Antibiotic effectiveness can be thought of as a natural resource, much like oil, fish, or forests (Laxminarayan and Brown 2001; Laxminarayan 2003): it is a resource accessible to anyone who can purchase it. All antibiotic use, appropriate or not, “uses up” some of the effectiveness of that antibiotic, diminishing our ability to use it in the future. Hastening the spread of resistance by overuse of antibiotics is like other shared resource problems, such as global warming or overfishing—a phenomenon referred to as “the tragedy of the commons” (Hardin 1968). Approaching antibiotic resistance as a resource problem is not just a convenient metaphor; it can help shape incentive-altering strategies to use antibiotics in ways that provide the greatest benefit to society, both today and in the future. Such incentives would encourage pharmaceutical companies to develop new antibiotics, and patients and health care providers to use existing antibiotics sustainably.
In this report, we examine the problem of antibiotic resistance from a natural resources perspective and propose solutions from an incentive-based perspective. Our purpose is to evaluate policy options that will enable society to make the best use of existing antibiotics, sensibly encourage the discovery of new antibiotics, and give drug companies a greater incentive to sell these new drugs responsibly. The policy changes considered here go beyond simply tinkering with the current system; instead, we address deep weaknesses in how we develop, regulate, and manage antibiotics.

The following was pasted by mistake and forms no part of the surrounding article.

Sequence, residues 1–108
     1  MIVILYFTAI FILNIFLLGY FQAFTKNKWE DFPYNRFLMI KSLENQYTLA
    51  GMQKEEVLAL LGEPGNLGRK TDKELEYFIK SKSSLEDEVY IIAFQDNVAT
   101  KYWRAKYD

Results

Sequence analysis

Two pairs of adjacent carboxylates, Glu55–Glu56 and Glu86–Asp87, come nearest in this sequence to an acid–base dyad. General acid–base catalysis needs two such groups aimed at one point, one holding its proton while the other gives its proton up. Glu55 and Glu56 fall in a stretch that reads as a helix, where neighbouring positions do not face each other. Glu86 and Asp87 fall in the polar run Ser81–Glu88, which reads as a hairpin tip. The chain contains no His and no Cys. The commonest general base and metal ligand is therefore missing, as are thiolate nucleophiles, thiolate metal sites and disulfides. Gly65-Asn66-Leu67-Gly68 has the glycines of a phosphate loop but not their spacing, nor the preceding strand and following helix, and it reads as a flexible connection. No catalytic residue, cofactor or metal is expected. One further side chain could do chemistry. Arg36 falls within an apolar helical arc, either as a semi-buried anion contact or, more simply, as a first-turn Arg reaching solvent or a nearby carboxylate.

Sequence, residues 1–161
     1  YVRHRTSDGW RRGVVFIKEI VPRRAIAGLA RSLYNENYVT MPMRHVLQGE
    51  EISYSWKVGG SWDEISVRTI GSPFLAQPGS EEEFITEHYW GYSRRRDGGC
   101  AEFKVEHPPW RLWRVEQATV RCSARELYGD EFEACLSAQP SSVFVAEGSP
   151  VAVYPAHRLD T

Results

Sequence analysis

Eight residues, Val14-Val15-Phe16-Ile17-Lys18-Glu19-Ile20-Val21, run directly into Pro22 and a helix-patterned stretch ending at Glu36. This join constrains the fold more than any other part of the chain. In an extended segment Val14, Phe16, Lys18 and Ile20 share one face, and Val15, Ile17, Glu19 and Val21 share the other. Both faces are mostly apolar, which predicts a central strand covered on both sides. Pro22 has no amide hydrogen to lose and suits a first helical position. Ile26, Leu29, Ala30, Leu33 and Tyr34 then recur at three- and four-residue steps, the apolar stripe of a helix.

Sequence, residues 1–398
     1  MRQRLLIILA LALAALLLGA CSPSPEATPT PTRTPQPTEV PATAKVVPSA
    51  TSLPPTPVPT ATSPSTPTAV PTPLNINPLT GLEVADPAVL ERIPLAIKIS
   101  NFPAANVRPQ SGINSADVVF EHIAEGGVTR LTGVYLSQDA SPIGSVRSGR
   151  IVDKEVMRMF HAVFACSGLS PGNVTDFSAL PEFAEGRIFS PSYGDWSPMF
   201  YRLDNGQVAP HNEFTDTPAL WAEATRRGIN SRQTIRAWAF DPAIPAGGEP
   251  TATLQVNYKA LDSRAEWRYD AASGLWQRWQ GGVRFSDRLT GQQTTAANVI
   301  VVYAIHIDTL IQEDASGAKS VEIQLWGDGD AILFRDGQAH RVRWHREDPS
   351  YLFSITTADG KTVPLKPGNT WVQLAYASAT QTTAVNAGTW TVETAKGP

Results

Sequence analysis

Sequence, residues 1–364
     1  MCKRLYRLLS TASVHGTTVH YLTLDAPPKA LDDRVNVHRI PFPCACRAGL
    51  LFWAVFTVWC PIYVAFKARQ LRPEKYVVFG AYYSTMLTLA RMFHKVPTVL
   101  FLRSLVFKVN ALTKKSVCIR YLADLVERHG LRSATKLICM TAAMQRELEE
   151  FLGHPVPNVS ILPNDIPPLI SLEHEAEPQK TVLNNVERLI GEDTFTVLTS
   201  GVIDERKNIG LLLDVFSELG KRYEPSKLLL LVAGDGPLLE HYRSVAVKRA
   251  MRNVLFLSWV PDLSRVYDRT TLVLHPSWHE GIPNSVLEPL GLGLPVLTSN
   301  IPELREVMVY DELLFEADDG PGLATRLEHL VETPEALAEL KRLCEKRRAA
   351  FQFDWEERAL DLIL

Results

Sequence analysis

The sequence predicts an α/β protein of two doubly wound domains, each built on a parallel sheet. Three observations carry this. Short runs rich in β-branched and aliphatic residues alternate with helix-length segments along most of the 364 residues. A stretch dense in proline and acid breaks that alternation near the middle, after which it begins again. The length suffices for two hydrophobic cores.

The report is the result of a two-year study by researchers at Resources for the Future, the University of Chicago, the National Institutes of Health, and Emory University. It objectively evaluates a range of policy options for dealing with antibiotic resistance. The policy options presented here were debated at four consultations with medical and scientific experts who provided invaluable insights into the incentives behind choices concerning antibiotic use and development. The research focused on antibiotic use in medicine and did not explicitly address the problem of antibiotic overuse in agriculture for growth promotion, but clearly it is important to change incentives for how the drugs are used in that context as well.